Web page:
Excerpts are provided by Dial-A-Book Inc. solely for the personal use of visitors to this web site.
Meet the Author
Alexander Gordon Smith, 30, is the author of The Inventors, which was shortlisted for the Wow Factor competition. He writes non-fiction books and articles and is the co-writer of the Scooby Doo: World of Mystery magazine. He also runs his own publishing company, promoting and building talented new writers and poets. He lives in Norwich.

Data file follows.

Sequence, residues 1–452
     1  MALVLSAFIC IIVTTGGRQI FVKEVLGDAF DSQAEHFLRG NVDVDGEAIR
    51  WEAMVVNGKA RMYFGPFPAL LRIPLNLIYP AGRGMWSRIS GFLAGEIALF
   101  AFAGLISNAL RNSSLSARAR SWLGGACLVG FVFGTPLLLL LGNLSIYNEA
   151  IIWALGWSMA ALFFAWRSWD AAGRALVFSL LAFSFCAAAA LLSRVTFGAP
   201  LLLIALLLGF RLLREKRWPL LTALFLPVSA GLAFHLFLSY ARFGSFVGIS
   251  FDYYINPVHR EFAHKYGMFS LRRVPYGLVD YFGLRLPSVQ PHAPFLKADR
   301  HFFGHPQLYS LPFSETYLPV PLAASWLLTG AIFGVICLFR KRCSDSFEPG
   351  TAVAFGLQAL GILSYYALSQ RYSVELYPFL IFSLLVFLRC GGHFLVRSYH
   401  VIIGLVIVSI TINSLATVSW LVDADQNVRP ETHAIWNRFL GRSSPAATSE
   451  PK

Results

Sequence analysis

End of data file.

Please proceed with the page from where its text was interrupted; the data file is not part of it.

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Gold Star Award Winner! The future has arrived, and teen gangs are ruling the streets. Due to major carnage during the "Summer of Slaughter," authorities have cracked down and opened Furnace Penitentiary, a prison set deep underground for the worst teen offenders, where they will never see the light of day again. Alex Sawyer is sentenced to Furnace after being convicted of murdering his best friend, Toby. Alex says over and over again that he did not kill Toby, but his protests fall on deaf ears, even though it's the truth. Alex descends into Furnace, a prison hewn out of rough rock. He immediately notices the weak are prey and the strong will live, as the prison gang threatens his life and his new cellmate, Donovan, educates him on how to survive. There is more to fear than the prison gangs, or the slop called food served in the cafeteria. There are the black suits - enormous, hulking men with silvery-sheened eyes and shark-like grins who guard the prison. There are the wheezers - twisted, malformed creatures in leather overcoats, their faces obscured by gas masks literally stitched to their skin. And there is the bloodwatch - an eerie red light that will suddenly wash over the prison cells in the dead of night, letting the inmates know the wheezers are coming for one of them. Alex struggles to hold on to his humanity, his sanity, and his hope that he will survive Furnace, even if survival means hatching an impossible scheme that could kill him. LOCKDOWN is one of the best books I have read this year! Smith's debut of the ESCAPE FROM FURNACE series keeps the reader fascinated from the first page; this is the first of a fantastic series!